Commonwealth of Massachusetts
A Proclamation
His Excellency Governor Deval L. Patrick

Whereas The town of Pembroke was incorporated on March 21st, 1712 after negotiations with the Earl of Pembroke, the General Court and eastern Duxbury; and

Whereas Pembroke situated on the North River, together with Marshfield, Norwell, Hanover and Scituate built and sent over a thousand sturdy vessels throughout the world, including “The Beaver” which played an important role in the Boston Tea Party; and

Whereas Residents of Pembroke served with honor in the French and Indian War, serving everywhere from Fort William Henry in New York to the shores of Nova Scotia; and

Whereas Historian George Bancroft, in what later became known as “The Pembroke Resolves,” did write, "The first official utterance of revolution did not spring from a congress of the colonies, or the future chiefs of this republic, from the rich or learned. The people of the little interior town of Pembroke, unpretending husbandmen, full of the glory of their descent from the Pilgrims, concluded a clear statement of their grievances with the prediction of a dissolution between the mother country and the colonies;" and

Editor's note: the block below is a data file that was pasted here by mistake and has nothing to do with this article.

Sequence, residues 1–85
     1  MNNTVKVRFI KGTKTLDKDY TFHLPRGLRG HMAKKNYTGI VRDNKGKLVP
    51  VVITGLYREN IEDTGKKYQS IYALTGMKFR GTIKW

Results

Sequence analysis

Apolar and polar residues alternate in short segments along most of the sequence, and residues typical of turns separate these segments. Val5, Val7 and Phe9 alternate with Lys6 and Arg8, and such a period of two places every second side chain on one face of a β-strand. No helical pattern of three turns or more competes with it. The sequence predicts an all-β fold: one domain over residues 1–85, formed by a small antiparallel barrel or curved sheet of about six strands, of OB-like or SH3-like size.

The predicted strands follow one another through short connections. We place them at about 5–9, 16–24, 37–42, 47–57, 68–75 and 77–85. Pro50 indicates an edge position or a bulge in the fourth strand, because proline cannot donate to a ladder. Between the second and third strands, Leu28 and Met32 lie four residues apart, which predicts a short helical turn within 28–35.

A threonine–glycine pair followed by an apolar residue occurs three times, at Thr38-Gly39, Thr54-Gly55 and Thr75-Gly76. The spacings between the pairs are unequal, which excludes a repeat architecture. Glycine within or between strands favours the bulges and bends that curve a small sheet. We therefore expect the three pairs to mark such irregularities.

Whereas According to CNN Money, Pembroke is one of the best places to live in the United States; and

Whereas On this day, Pembroke celebrates its 300th anniversary,

Now, Therefore, I, Deval L. Patrick, Governor of the Commonwealth of Massachusetts, do hereby proclaim March 21st, 2012,  to be

Pembroke Day

And urge all the citizens of the Commonwealth to take cognizance of this event and participate fittingly in its observance.

Given at the Executive Chamber in Boston, this eighth day of March, in the year two thousand and twelve, and of the Independence of the United States of America, the two hundred and thirty-fifth.
By His Excellency                  

Deval L. Patrick                   
Governor of the Commonwealth    

William Francis Galvin              
Secretary of the Commonwealth

God Save the Commonwealth of Massachusetts